NW Hawaiian Islands go live on Google Street View
The first 360-degree panoramic images from five new locations within Papahanaumokuakea Marine National Monument (PMNM) are now live on Google Maps. Internet users can now virtually visit Tern Island and East Island at French Frigate Shoals, Laysan Island, Lisianski Island and Pearl and Hermes Atoll.
During July 2013, PMNM staff from the National Oceanic and Atmospheric Administration (NOAA) and the U.S. Fish &Wildlife Service (FWS) spent a week capturing thousands of new panoramas of the incredible features in the monument, covering 20 miles on foot using the Google Street View Trekker. This effort focused on five of the primary emergent land masses in the Northwestern Hawaiian Islands (NWHI), which are also part of the Hawaiian Islands National Wildlife Refuge.
PMNM collaborated with Google to use digital imagery and Internet technology to bring Papahanaumokuakea to a broader audience and expand PMNM’s efforts to “bring the place to the people.”
In 2012, Google Street View went live with imagery of Midway Atoll National Wildlife Refuge. In total, more than 10,000 images across 41 miles have been captured from within the monument.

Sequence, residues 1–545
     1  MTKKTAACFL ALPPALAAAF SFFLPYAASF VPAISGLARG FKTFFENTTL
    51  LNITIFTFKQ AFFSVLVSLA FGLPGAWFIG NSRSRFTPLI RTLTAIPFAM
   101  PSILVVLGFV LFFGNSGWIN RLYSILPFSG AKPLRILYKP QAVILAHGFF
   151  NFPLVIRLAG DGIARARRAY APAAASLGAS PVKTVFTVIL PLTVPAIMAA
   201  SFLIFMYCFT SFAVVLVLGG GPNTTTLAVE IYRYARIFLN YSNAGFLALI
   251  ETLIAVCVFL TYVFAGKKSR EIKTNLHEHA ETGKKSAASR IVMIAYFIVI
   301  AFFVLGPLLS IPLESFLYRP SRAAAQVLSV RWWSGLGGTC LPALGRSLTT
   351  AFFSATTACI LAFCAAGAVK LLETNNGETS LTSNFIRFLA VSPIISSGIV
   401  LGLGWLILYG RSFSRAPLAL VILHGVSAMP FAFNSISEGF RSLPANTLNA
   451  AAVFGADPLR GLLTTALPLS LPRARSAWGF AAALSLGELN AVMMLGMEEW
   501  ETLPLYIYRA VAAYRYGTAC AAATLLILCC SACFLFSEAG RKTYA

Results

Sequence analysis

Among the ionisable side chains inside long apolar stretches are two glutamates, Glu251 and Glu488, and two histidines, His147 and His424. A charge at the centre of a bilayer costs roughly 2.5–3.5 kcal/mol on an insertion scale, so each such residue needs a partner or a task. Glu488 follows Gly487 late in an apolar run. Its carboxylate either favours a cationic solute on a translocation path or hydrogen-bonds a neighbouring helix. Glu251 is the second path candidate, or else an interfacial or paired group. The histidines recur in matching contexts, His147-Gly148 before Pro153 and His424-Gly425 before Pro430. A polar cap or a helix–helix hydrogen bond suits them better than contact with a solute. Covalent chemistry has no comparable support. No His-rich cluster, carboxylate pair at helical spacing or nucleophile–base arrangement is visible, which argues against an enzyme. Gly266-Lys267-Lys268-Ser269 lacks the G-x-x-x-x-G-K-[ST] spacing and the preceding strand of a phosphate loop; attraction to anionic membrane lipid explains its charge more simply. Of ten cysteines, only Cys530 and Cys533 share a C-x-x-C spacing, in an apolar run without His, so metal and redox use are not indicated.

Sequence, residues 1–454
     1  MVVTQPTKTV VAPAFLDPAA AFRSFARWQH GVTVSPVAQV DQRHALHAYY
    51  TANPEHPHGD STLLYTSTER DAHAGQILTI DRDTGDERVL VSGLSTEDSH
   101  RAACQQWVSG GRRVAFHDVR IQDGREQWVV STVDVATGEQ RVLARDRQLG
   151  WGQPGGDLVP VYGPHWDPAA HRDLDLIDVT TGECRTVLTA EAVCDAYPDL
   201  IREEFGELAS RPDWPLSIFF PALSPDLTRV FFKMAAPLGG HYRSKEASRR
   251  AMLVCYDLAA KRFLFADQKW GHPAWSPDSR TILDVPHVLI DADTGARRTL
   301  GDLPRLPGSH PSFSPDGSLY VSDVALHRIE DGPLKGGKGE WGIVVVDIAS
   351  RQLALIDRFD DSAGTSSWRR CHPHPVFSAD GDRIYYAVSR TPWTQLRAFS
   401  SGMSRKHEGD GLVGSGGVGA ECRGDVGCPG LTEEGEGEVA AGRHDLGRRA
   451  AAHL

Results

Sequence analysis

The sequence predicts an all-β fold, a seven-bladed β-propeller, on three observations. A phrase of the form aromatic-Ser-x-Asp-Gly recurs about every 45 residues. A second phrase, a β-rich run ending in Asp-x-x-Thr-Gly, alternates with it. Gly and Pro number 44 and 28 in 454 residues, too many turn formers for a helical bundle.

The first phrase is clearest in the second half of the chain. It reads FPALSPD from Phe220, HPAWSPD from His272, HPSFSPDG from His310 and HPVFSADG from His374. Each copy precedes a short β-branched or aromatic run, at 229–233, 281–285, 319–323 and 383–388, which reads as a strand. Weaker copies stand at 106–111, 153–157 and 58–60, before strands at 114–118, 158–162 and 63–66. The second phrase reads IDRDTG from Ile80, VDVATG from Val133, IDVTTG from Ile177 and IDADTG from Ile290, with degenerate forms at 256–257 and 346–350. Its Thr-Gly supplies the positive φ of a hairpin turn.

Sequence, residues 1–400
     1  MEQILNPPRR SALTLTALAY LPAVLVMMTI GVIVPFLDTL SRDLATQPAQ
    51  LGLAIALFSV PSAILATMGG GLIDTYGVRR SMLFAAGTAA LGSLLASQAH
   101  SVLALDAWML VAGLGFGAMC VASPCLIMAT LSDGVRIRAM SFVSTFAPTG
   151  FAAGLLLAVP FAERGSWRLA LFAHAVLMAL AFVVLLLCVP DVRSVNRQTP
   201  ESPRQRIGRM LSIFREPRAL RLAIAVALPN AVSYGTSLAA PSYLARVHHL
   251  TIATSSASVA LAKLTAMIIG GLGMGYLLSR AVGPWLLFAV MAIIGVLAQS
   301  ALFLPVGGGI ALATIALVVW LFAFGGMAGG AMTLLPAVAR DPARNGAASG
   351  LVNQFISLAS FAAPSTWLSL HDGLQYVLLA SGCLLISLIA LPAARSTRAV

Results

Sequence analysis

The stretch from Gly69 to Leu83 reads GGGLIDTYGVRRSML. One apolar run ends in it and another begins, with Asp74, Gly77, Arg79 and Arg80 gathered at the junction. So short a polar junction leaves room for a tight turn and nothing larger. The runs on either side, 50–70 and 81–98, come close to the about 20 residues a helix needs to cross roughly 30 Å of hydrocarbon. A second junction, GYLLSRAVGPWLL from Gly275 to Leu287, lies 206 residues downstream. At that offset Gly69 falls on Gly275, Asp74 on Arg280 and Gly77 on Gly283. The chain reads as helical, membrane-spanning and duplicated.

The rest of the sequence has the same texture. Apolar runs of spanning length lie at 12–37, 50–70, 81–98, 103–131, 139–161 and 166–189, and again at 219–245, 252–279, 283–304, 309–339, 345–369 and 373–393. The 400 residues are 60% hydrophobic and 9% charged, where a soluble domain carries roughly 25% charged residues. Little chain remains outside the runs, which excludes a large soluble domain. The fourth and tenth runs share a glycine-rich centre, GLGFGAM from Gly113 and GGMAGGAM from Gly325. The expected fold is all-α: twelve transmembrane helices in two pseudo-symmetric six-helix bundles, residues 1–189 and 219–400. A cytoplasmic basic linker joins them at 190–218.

“The goal of collecting this imagery was to show the world how special and important the remote islands and atolls of the Northwestern Hawaiian Islands are, in turn inspiring the next generation of conservationists and supporters,” said Kalewa Correa, NOAA’s Mokupapapa Discovery Center manager and project leader. “We hope that bringing the monument to the people through Google Street View will reach a larger audience but with minimal environmental impact, helping to preserve this amazing place for the future.”
Monument managers also plan to use the imagery as an assessment tool to capture the present conditions and health of the NWHI.
“This was an exciting project,” said U.S. Fish and Wildlife Service specialist Ty J. Benally, who took part in this year’s mapping expedition. “This imagery enables resource managers to initiate discussion and planning, without actual access to the islands, and helps locate conservation sites where efforts are most needed. In fact, turtle biologists have already utilized Google Street View imagery of Midway Atoll to determine where to look for turtles and see which beaches were closed in preparation for their research.”
Papahanaumokuakea is cooperatively managed to ensure ecological integrity and achieve strong, long-term protection and perpetuation of Northwestern Hawaiian Island ecosystems, Native Hawaiian culture and heritage resources for current and future generations. Three co-trustees — the Department of Commerce, Department of the Interior and State of Hawaii — joined by the Office of Hawaiian Affairs, protect this special place.
Papahanaumokuakea Marine National Monument was inscribed as the first mixed (natural and cultural) UNESCO World Heritage Site in the United States in July 2010. For more information, visit www.papahanaumokuakea.gov.
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